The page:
“Follow the money, Jeff.” That’s what my professor used to say in my investigative journalism class back in college.
It’s not a bad phrase for investors to keep in mind either. Here’s why…
Last Friday, the news headlines focused on disappointing economic growth. The Department of Commerce said the nation’s gross domestic product grew at a slow 0.7% pace last quarter.
Fair enough. But the same morning, most investors overlooked an impressive bit of data from another source, the Department of Labor. The headline investors should have seen was this…
“Wage Growth Breaks Out to Decade Highs!”
No kidding. Each quarter, the department publishes something called the Employment Cost Index. It gauges the growth of wages and salaries on a quarterly basis.
Last quarter was one for the record books:
- On an annual basis, wages and salaries rose at a 2.4% clip — the fastest pace in two years, as Bloomberg noted to its readers.
(Source: Bureau of Labor Statistics)
- On a quarterly basis, workers’ compensation jumped by 0.8% — the biggest three-month leap since the end of 2007.
What does all that mean for the economy and the stock market?
Well, consider where we are right now. The Department of Commerce said on Friday that consumer spending rose 0.2% in March, unchanged from the prior month. Economists were expecting a rise of 0.3%.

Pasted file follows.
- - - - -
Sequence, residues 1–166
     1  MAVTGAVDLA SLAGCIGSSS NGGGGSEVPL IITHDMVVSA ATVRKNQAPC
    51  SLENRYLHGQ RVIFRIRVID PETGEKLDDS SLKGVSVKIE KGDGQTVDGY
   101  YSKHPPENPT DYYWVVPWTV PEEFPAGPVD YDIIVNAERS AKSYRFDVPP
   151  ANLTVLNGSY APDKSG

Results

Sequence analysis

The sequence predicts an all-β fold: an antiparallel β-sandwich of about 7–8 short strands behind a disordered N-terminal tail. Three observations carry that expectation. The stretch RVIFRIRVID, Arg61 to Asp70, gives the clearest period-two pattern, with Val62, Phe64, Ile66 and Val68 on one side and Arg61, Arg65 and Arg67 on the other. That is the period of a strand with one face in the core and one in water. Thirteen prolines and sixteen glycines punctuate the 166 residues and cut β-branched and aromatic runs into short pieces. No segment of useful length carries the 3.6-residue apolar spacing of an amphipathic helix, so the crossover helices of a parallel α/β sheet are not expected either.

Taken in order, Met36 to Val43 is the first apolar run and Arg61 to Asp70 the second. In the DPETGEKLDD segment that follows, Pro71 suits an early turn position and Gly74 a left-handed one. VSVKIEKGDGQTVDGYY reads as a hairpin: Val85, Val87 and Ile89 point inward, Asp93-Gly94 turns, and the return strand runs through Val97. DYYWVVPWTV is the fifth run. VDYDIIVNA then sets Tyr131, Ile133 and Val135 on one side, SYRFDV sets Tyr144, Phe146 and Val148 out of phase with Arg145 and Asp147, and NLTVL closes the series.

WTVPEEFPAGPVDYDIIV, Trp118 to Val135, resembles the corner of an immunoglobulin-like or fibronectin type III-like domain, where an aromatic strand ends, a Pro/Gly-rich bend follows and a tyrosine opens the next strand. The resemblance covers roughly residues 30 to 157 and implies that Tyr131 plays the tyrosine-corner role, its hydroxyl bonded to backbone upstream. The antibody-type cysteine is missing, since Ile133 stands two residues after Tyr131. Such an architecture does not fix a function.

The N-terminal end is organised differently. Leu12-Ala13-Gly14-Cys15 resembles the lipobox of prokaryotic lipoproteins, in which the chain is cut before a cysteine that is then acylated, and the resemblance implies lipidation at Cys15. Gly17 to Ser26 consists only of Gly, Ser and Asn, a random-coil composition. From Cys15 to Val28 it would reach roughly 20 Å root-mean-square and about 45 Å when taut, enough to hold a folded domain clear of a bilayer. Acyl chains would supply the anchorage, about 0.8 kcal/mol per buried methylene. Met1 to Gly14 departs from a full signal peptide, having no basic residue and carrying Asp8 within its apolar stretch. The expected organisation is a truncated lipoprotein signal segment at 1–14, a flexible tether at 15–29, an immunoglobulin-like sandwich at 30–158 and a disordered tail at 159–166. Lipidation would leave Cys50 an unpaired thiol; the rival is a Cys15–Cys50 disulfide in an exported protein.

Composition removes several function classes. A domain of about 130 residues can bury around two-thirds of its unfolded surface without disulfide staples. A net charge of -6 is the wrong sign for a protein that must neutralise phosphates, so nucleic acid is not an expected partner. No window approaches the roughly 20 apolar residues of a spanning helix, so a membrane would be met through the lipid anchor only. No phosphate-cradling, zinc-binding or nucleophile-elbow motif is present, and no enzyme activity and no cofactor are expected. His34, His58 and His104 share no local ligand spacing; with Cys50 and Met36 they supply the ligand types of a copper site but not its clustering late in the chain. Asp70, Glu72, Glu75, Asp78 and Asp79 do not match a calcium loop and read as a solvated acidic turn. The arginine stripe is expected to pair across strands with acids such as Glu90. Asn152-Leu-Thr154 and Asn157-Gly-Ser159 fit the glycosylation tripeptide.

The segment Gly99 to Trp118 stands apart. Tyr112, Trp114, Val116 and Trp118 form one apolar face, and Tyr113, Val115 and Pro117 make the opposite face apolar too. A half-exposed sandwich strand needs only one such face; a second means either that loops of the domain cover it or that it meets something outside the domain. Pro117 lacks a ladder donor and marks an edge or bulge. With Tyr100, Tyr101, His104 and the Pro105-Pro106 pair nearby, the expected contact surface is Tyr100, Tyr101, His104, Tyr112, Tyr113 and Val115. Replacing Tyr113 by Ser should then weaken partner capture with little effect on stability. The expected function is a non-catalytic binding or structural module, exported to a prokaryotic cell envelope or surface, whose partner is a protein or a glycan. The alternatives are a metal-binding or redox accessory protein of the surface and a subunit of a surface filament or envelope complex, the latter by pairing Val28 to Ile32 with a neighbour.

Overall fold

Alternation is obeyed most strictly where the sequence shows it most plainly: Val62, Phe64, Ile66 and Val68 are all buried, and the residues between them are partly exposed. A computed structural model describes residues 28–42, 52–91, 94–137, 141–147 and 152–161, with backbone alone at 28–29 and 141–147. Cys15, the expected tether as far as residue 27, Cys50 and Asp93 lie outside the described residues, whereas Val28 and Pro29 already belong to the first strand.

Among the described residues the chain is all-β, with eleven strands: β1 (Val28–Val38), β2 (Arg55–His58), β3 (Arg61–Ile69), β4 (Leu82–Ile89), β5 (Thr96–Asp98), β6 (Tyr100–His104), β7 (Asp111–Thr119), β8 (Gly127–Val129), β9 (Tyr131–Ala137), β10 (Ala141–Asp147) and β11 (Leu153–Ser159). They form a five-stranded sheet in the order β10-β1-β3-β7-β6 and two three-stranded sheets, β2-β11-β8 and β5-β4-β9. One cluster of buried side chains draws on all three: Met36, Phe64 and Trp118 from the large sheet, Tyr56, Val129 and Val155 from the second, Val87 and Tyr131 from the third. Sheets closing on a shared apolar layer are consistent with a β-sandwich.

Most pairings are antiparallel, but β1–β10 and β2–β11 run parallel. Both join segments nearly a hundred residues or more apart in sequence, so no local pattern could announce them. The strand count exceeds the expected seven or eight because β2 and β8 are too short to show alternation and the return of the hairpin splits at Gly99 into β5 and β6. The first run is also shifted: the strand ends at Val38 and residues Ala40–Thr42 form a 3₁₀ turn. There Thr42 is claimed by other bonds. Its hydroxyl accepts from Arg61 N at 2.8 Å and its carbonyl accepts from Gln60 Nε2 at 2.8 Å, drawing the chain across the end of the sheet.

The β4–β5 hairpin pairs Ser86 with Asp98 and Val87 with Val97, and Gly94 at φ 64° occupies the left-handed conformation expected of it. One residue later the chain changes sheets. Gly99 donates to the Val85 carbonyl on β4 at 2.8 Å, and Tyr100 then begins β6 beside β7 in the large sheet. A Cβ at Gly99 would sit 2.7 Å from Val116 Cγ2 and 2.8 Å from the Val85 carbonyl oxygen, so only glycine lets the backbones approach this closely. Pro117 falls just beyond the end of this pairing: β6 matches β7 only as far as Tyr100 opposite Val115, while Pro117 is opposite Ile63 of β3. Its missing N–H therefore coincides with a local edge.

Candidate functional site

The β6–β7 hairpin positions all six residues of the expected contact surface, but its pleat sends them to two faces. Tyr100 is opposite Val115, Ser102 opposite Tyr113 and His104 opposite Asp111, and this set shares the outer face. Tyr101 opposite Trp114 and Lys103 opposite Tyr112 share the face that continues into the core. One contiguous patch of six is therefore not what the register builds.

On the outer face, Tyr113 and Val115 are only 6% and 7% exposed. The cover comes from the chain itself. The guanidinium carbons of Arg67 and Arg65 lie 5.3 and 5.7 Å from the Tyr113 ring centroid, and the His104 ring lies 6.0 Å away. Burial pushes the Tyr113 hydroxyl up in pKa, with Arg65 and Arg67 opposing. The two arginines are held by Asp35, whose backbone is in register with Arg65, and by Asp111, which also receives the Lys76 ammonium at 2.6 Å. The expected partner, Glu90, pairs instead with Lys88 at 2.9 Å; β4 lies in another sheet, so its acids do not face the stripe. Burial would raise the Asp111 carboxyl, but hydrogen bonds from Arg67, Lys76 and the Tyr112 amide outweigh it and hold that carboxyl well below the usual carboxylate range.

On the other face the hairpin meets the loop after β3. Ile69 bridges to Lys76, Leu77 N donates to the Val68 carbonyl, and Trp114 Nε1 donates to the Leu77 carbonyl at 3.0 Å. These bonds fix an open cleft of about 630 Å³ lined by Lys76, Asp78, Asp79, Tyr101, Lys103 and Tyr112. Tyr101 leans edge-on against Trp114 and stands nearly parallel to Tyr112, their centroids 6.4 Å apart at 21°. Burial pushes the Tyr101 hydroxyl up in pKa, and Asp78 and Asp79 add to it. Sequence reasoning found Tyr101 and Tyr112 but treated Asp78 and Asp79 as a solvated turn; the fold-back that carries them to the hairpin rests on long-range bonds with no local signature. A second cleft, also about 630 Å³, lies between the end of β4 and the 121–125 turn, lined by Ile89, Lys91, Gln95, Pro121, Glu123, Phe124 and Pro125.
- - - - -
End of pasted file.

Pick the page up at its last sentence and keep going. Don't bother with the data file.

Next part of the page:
But given the increase in wages and salaries in the Employment Cost Index, don’t be surprised if consumer spending mounts a significant comeback between now and the end of the year.
“There’s clear signs that wages and salaries are gaining some traction,” said Ameriprise Financial’s senior economist to Bloomberg recently, “and we think that will continue as the labor market continues to tighten and slack [in the job market] diminishes.”
The result? A rejuvenated consumer with a higher degree of confidence to go out and spend some of those long-awaited increases in pay. And where might they spend some of those hard-earned dollars?
Retail is one place to look. The sector is about as beaten down as I’ve seen, and will continue to see structural adjustments as some retailers go out of business and others rethink their mall-based strategies.
But there’s also no doubt in my mind that the selling action has been overdone. A broad-based vehicle such as the SPDR S&P Retail ETF (NYSE Arca: XRT) is a good way to get on the consumer spending rebound to come.
From a contrarian standpoint, it makes a lot of sense. As Bloomberg pointed out a few weeks ago, household purchases have slowed in the first quarter in each of the past three years — this year could be the fourth — “only to rebound and continue powering the world’s largest economy.”
Jeff L. Yastine